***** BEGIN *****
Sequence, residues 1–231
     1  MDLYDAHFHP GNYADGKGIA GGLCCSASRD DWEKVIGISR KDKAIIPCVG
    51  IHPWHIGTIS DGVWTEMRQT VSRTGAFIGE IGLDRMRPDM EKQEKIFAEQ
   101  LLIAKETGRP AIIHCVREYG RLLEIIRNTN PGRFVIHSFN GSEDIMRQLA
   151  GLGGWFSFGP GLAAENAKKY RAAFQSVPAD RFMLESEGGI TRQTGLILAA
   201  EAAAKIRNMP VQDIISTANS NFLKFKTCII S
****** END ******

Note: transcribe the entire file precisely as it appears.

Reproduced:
Sequence, residues 1–231
     1  MDLYDAHFHP GNYADGKGIA GGLCCSASRD DWEKVIGISR KDKAIIPCVG
    51  IHPWHIGTIS DGVWTEMRQT VSRTGAFIGE IGLDRMRPDM EKQEKIFAEQ
   101  LLIAKETGRP AIIHCVREYG RLLEIIRNTN PGRFVIHSFN GSEDIMRQLA
   151  GLGGWFSFGP GLAAENAKKY RAAFQSVPAD RFMLESEGGI TRQTGLILAA
   201  EAAAKIRNMP VQDIISTANS NFLKFKTCII S